The House on the Borderland

House on the Borderland “But for a few touches of commonplace sentimentality [it] would be a classic of the first water.” So said H. P. Lovecraft of the 1908 novel, The House on the Borderland, by William Hope Hodgson. But, Lovecraft admitted, the book was also a major influence on his own, later work. And for good reason: it created the ‘unknown horror’ effect that Lovecraft (and later writers) exploited so well.

House on the Borderland is a seminal work in its genre and, despite its age, deserves not to be forgotten by modern readers. Here’s a passage from the book:

And then, as I peered, curiously, a new terror came to me; for away up among the dim peaks to my right, I had descried a vast shape of blackness, giantlike. It grew upon my sight. It had an enormous equine head, with gigantic ears, and seemed to peer steadfastly down into the arena. There was that about the pose that gave me the impression of an eternal watchfulness—of having warded that dismal place, through unknown eternities. Slowly, the monster became plainer to me; and then, suddenly, my gaze sprang from it to something further off and higher among the crags. For a long minute, I gazed, fearfully. I was strangely conscious of something not altogether unfamiliar—as though something stirred in the back of my mind. The thing was black, and had four grotesque arms. The features showed indistinctly, ’round the neck, I made out several light-colored objects. Slowly, the details came to me, and I realized, coldly, that they were skulls. Further down the body was another circling belt, showing less dark against the black trunk. Then, even as I puzzled to know what the thing was, a memory slid into my mind, and straightway, I knew that I was looking at a monstrous representation of Kali, the Hindu goddess of death.

You can read or download a copy at It’s not very long – just over 50,000 words, and is a fairly quick read.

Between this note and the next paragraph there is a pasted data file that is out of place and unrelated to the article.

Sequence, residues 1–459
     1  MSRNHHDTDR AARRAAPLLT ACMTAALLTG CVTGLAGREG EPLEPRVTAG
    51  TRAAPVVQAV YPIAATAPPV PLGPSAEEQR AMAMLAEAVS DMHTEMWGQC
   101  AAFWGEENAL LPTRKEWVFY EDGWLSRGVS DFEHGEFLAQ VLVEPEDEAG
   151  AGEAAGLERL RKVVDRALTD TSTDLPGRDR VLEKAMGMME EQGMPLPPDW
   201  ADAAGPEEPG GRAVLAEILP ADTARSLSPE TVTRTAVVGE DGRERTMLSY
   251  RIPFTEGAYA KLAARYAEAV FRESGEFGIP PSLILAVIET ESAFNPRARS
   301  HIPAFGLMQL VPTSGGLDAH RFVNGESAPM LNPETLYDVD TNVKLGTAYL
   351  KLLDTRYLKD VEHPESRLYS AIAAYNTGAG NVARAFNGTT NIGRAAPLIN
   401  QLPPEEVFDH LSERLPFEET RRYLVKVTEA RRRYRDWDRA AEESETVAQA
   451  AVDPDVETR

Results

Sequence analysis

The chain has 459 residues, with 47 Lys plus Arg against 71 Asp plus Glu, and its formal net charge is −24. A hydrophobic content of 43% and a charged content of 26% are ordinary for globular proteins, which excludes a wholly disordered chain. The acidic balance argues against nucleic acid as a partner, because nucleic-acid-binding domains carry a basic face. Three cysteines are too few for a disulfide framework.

Hodgson – whose 140th birthday was celebrated by fans last November (the 100th anniversary of his death is in April, 2018) – was prolific in his lifetime, but is an almost-forgotten figure these days. Only two of his novels – the other being The Night Land (1912) – got any significant attention or popular reprints for many decades after his death. Thanks to the internet, digital files and the magic of on-demand publishing, a lot of his work is available online; five of his novels are now downloadable from Gutenberg. And this slowly growing popularity has seen a few publishers reprinting many (maybe even all) of his works.

While still in the shadows compared to other writers, he is read today by fans of classic horror and early scifi. But he’s not anywhere near a popular writer. In part that may be because better, subsequent writers like Lovecraft, Lord Dunsany and Edgar Rice Burroughs captured (and continue to capture) the public’s imagination. Plus, they wrote about the modern, post-war world: with radio, cars, telephones, movies, steamships and the like. They are easier, I suspect, for modern readers to comprehend than those from the Edwardian era.
Continue reading “The House on the Borderland”

Ollie and pet rescue

The new Ollie having milkWe are suckers for the face of a cat at the window, a hungry cat, a cold cat, a lost cat, a cat someone has abandoned to fend for themselves and is doing a poor job of it. The pleading eyes, the rough coat, the quiet shiver in the rain or the cold. How can you turn away from that and still call yourself human?